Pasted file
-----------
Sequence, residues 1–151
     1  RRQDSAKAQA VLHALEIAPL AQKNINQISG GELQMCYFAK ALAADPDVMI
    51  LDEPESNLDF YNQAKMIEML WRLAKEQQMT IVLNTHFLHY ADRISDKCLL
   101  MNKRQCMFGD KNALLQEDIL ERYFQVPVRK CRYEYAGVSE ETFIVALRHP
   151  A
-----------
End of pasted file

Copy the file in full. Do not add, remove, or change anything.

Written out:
Sequence, residues 1–151
     1  RRQDSAKAQA VLHALEIAPL AQKNINQISG GELQMCYFAK ALAADPDVMI
    51  LDEPESNLDF YNQAKMIEML WRLAKEQQMT IVLNTHFLHY ADRISDKCLL
   101  MNKRQCMFGD KNALLQEDIL ERYFQVPVRK CRYEYAGVSE ETFIVALRHP
   151  A